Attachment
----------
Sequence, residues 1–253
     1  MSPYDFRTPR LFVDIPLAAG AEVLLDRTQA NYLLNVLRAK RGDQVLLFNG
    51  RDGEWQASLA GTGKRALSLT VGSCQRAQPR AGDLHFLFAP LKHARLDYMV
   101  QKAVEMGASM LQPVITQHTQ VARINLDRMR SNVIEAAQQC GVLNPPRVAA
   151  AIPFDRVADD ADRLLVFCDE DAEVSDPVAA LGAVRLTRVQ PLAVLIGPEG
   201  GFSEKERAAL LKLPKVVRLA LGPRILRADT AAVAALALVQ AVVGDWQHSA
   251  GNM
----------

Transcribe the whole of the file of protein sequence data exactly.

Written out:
Sequence, residues 1–253
     1  MSPYDFRTPR LFVDIPLAAG AEVLLDRTQA NYLLNVLRAK RGDQVLLFNG
    51  RDGEWQASLA GTGKRALSLT VGSCQRAQPR AGDLHFLFAP LKHARLDYMV
   101  QKAVEMGASM LQPVITQHTQ VARINLDRMR SNVIEAAQQC GVLNPPRVAA
   151  AIPFDRVADD ADRLLVFCDE DAEVSDPVAA LGAVRLTRVQ PLAVLIGPEG
   201  GFSEKERAAL LKLPKVVRLA LGPRILRADT AAVAALALVQ AVVGDWQHSA
   251  GNM